Complications resulting from fall-related injuries are a major problem among the elderly. Here’s how you can prevent serious complications with early interventions like:
Investigate latent cardiac and neurological issues
A fall could be a symptom of a larger problem. This is why it's important to get a check-up from your physician in the aftermath of a sudden fall, especially if you have recently been feeling low on energy, sick or delirious.
Test your blood pressure
A loss of balance due to dizziness or lightheadedness can be a symptom of low blood pressure. Get your pressure checked to evaluate if you are on the cusp of hypertensive risk.
Test your blood
Your blood is a good indicator of sodium imbalances or low blood count. Opt for a test that measures your blood cell count, liver and kidney profiles, and electrolyte levels. Also check your blood sugar levels to assess if your fall was due to Hypoglycemia (low blood sugar), a common symptom of Diabetes.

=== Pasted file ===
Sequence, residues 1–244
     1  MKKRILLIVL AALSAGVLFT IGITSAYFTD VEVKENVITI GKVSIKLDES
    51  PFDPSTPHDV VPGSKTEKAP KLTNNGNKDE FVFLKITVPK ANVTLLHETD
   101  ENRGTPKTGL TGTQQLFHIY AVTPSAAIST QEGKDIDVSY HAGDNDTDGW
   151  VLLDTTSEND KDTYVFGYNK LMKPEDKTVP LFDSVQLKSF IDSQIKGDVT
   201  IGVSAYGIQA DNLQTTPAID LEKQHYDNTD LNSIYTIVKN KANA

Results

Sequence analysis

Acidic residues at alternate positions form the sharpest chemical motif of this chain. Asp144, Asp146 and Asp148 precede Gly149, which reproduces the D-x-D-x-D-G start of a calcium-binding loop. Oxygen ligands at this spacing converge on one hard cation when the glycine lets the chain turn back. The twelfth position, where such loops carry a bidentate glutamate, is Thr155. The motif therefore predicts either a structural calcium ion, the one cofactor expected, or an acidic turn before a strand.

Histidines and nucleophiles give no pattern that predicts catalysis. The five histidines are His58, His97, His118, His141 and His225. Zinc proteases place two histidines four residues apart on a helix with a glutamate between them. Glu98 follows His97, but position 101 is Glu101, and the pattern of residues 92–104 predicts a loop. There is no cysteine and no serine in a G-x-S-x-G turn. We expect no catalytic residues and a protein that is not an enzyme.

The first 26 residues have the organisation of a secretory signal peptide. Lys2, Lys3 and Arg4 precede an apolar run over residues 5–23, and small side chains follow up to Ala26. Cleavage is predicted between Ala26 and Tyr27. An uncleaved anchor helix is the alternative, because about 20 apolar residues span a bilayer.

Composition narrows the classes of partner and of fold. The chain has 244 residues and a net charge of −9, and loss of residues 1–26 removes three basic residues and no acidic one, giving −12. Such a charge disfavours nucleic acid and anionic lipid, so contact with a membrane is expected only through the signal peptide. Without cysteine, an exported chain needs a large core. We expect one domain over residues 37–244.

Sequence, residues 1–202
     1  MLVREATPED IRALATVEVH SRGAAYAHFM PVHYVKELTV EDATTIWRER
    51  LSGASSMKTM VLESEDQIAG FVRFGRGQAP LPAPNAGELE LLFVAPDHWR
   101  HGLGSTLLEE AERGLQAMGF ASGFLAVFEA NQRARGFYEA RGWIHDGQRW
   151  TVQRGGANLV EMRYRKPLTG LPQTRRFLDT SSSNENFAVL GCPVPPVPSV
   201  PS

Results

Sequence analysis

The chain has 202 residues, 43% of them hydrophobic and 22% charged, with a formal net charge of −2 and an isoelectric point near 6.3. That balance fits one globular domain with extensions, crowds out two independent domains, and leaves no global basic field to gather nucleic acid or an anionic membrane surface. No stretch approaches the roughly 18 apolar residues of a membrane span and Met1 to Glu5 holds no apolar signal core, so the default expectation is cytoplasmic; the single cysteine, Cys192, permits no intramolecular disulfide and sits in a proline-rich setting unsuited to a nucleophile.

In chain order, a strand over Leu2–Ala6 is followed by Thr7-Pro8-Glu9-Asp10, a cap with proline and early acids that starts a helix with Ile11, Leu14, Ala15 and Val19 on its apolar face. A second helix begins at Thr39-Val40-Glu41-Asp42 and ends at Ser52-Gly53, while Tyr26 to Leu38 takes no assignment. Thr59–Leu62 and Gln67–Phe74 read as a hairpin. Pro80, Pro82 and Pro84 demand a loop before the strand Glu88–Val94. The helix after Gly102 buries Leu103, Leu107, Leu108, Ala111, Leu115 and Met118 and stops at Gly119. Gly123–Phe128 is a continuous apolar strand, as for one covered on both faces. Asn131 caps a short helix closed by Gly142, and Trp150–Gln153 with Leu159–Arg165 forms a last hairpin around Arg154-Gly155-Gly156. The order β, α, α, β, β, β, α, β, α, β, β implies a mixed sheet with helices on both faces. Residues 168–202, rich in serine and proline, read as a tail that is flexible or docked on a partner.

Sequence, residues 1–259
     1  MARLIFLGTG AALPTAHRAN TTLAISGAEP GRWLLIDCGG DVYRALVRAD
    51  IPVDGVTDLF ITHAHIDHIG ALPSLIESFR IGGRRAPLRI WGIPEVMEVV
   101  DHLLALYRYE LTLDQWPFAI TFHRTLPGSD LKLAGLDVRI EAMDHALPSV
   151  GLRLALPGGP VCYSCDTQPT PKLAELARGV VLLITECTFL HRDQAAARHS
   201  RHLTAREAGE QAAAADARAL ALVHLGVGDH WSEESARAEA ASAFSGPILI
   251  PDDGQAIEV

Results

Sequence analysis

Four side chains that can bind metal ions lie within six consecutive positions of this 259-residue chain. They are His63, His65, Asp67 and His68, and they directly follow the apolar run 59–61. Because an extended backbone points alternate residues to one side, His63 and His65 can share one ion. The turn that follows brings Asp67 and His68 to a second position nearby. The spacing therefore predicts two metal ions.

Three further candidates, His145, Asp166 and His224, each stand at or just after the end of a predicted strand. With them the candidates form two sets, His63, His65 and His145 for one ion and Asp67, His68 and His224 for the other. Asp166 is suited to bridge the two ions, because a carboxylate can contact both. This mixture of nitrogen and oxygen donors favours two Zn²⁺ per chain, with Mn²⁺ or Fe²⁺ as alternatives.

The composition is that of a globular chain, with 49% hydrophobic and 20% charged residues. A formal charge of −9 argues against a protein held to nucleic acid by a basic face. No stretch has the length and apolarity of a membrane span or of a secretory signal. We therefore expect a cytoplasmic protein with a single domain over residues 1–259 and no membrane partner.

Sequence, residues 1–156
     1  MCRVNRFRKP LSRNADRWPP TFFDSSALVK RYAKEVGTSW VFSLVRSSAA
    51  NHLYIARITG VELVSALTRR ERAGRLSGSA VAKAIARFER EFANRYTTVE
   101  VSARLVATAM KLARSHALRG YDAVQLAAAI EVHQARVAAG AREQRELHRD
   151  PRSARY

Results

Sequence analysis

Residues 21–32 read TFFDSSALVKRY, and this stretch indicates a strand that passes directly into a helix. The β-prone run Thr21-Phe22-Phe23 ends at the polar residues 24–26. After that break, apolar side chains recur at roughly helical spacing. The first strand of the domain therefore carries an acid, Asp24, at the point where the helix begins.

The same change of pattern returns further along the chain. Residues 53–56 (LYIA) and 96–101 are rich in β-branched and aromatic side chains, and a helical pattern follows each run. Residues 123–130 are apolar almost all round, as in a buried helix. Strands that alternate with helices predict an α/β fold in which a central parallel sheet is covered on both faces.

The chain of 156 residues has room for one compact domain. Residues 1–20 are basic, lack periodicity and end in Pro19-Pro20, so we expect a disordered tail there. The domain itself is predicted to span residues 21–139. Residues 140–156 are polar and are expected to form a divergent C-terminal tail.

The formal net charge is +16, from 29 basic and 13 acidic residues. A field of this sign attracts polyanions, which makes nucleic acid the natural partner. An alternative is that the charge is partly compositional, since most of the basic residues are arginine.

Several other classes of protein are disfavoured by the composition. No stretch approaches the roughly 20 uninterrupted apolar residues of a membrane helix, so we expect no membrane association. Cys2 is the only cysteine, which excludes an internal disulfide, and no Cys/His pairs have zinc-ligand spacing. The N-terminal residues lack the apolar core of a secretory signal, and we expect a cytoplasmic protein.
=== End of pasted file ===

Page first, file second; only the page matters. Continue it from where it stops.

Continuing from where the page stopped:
Check for Vitamin D deficiencies
As you get older as a Vitamin D deficiency can make your bones brittle and increase your risk of falls. A low dose Vitamin D supplement and sufficient exposure to the outdoors can help stabilize your levels.
Review your medicines
Medications are an essential component of ageing. You should periodically review your list of medicines with your physician to check for any harmful interactions that could adversely affect your vitals and eliminate any unnecessary drugs.
Analyse your walking style
You can finally get a gait assessment by your physician to test for any joint or hip problems. Your doctor will help narrow the source of any walking difficulties as well as recommend the necessary measures to strengthen your leg muscles or test for degenerative issues like osteoarthritis.
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